Alimony

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Alimony (also called maintenance or spousal support) is an obligation to provide financial support to one's spouse after separation or divorce. It is established by divorce law or family law in many countries and is based on the premise that both spouses have an absolute obligation to support each other during their marriage (or civil union known as common-law marriages). Alimony is the continuation of this obligation to support after separation or divorce has occurred.

Contents

History

Alimony has been discussed in ancient legal texts including the Babylonian Code of Hammurabi (#137-#142)[1] and the Code of Justinian. [2] The concept of modern alimony in the United States derives from English ecclesiastical courts which awarded alimony in cases of separation and divorce. Alimony Pendente lite was given until the divorce decree, based on the husband's duty to support the wife during a marriage that still continued. Post-divorce or permanent alimony was also based on the notion that the marriage continued, as ecclesiastical courts could only award a divorce a mensa et thora, similar to a legal separation today. As divorce did not end the marriage, the husband's duty to support his wife remained intact.[3] The term alimony comes from the Latin word alimonia, and was a rule of sustenance to assure the wife's lodging, food, clothing, and other necessities after divorce.[4]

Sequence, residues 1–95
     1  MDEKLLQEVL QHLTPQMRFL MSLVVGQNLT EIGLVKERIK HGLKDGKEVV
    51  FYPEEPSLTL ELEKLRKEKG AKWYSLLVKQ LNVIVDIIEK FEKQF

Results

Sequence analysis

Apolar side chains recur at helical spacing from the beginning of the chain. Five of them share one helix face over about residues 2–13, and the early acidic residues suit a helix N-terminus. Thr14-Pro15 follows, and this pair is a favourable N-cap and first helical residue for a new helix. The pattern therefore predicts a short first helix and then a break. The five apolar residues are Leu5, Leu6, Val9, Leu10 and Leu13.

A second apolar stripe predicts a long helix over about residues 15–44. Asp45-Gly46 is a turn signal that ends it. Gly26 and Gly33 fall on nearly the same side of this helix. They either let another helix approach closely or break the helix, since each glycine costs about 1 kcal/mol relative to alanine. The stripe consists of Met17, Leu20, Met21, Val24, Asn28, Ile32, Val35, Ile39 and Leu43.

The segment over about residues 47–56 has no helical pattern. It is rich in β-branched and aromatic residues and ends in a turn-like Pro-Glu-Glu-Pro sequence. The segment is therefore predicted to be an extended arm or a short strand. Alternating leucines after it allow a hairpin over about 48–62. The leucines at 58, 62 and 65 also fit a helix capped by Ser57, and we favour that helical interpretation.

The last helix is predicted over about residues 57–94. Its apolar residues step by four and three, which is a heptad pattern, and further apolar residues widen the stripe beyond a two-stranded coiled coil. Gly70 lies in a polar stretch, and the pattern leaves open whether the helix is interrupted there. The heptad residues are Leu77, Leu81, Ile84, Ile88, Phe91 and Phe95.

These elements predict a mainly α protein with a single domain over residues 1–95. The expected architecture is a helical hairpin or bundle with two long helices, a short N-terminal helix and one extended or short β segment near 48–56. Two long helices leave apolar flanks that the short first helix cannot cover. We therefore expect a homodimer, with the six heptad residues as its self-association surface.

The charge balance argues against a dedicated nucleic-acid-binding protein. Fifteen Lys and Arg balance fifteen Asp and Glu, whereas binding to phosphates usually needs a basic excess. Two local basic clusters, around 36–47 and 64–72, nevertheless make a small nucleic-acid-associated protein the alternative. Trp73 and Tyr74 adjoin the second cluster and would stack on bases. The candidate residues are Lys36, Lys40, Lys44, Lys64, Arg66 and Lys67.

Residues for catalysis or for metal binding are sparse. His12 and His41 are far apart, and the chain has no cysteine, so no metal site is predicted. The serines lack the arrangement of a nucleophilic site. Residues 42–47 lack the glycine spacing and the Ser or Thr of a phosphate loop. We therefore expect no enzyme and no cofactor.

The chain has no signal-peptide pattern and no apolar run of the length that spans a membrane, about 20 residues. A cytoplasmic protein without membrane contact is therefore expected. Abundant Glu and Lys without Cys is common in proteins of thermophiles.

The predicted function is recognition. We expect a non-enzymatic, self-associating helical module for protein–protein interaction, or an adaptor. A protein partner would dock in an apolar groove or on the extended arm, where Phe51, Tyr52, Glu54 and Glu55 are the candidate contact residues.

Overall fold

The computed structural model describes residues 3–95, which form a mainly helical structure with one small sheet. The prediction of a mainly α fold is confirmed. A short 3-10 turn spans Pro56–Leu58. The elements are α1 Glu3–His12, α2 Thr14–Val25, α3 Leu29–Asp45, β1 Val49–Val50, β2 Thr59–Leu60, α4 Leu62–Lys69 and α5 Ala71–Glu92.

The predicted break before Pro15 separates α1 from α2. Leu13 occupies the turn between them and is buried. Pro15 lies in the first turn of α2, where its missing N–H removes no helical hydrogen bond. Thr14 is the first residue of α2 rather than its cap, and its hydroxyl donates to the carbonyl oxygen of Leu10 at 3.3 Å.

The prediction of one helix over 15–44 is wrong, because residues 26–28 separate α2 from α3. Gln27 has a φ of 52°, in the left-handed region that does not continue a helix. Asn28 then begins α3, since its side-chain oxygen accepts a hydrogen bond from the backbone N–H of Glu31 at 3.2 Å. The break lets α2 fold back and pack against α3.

Liberalization of divorce occurred in the nineteenth century, but divorce was only possible in cases of marital misconduct. As a result, the requirement to pay alimony became linked to the concept of fault in the divorce.[5] Alimony to wives was paid because it was assumed that the marriage, and the wife's right to support, would have continued but for the misbehavior of husband. Ending alimony on divorce would have permitted a guilty husband to profit from his own misconduct. In contrast, if the wife committed the misconduct, she was considered to have forfeited any claim to ongoing support. However, during the period parties could rarely afford alimony and so it was rarely awarded by courts.[3] As men's incomes increased, and with it the possibility of paying alimony, the awarding of alimony increased, generally because a wife could show a need for ongoing financial support and the husband had the ability to pay.[3][6] No-fault divorce led to changes in alimony. Whereas spousal support was considered a right under the fault-based system, it became conditional under the no-fault approach.[6] According to the American Bar Association, marital fault is a "factor" in awarding alimony in 25 states and the District of Columbia.[7] Permanent alimony began to fall out of favor, as it prevented former spouses from beginning new lives,[6] though in some states (e.g., Massachusetts, Mississippi and Tennessee), permanent alimony awards continued.[8][9][10][11] Alimony moved beyond support to permitting the more dependent spouse to become financially independent or to have the same standard of living as during the marriage or common law marriage though this was not possible in most cases.[3][12]

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